(Milosovich in 1995)

In voting for Milosovich or Tudjman people voted for the politics of ethnic cleansing. Could they claim, like the Germans, that they did not know? Both Croatia and Serbia are too small to use that as an argument. In the five years of war, too many people were directly involved in the ethnic cleansing [if only in appropriate property from neighbors who had fled or been otherwise eliminated] to be able to seriously claim that they did not know. They did know, and they went along with it, or at least they did not care about it…. it is necessary to learn that you had a choice—and that you made the wrong one….The trials of war criminals are important not only because of those killed. They are important also because of the living. In the end, what matters in regard to war criminals and why we should bother to take a closer look at them is one single important question: what would I do in their situation?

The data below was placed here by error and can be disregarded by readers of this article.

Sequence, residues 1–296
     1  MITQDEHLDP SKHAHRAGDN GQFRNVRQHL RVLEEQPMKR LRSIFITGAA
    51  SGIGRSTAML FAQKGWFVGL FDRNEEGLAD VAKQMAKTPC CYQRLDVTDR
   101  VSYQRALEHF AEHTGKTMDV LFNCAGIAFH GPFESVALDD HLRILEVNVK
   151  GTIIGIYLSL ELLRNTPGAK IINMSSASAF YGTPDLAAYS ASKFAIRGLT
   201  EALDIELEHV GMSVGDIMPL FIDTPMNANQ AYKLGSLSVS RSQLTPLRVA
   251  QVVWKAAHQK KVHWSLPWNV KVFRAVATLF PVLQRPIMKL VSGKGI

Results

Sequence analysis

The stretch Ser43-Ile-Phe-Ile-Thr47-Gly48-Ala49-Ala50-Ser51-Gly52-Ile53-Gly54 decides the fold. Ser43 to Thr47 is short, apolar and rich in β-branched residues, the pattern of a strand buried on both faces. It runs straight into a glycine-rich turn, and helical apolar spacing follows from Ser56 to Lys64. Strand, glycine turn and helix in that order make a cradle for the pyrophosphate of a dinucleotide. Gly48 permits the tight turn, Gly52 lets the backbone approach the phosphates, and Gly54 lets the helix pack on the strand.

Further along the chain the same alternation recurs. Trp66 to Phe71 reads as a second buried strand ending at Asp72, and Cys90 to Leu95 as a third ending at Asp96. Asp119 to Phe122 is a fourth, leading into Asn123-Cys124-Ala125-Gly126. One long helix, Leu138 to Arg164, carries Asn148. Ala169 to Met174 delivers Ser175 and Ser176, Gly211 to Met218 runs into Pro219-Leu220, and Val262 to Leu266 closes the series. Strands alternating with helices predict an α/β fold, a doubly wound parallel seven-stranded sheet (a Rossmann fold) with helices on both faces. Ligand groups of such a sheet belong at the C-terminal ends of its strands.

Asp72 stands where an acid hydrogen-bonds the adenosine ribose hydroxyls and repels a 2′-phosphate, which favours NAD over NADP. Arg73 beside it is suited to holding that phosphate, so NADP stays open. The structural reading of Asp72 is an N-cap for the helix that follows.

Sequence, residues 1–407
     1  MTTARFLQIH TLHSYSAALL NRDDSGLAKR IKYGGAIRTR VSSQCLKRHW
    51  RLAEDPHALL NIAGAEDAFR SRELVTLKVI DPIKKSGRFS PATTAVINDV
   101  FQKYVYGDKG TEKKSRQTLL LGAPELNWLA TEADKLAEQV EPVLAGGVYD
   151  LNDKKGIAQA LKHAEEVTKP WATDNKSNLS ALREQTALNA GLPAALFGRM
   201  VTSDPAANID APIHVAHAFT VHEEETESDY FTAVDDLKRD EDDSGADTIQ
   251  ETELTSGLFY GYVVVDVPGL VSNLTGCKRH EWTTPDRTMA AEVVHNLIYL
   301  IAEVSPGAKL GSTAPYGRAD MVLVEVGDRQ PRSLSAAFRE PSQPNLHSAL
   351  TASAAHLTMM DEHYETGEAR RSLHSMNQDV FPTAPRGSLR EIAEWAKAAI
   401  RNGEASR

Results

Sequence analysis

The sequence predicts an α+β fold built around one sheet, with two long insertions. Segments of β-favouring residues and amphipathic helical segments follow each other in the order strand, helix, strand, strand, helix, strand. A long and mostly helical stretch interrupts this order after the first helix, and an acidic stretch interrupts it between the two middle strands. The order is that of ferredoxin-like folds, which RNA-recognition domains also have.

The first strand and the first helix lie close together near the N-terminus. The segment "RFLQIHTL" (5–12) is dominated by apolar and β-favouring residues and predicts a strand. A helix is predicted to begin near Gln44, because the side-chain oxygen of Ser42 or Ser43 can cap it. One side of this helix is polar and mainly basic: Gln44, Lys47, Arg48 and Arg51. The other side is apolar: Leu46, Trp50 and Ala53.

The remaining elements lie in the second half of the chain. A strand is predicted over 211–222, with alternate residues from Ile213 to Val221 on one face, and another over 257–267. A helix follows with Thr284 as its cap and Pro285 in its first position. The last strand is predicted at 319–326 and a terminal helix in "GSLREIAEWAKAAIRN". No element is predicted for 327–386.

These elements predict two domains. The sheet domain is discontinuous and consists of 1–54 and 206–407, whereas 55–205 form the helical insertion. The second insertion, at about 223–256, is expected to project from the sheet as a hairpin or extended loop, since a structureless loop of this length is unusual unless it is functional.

The book has a macabre epilogue in which the prisoners who are there for organizing the slaughter of those of different nationalities, get along fine, cook for each other, eat together, talk to each other, etc..

I wish that the question about what any of us would do within a war in which combatants don’t wear uniforms was without relevance here and now, only a historical curiosity, but “civil wars” are raging in multiple locations at present, including some in which US soldiers in uniform and mercenaries (Blackwell) are involved…


©2007, 2017, Stephen O. Murray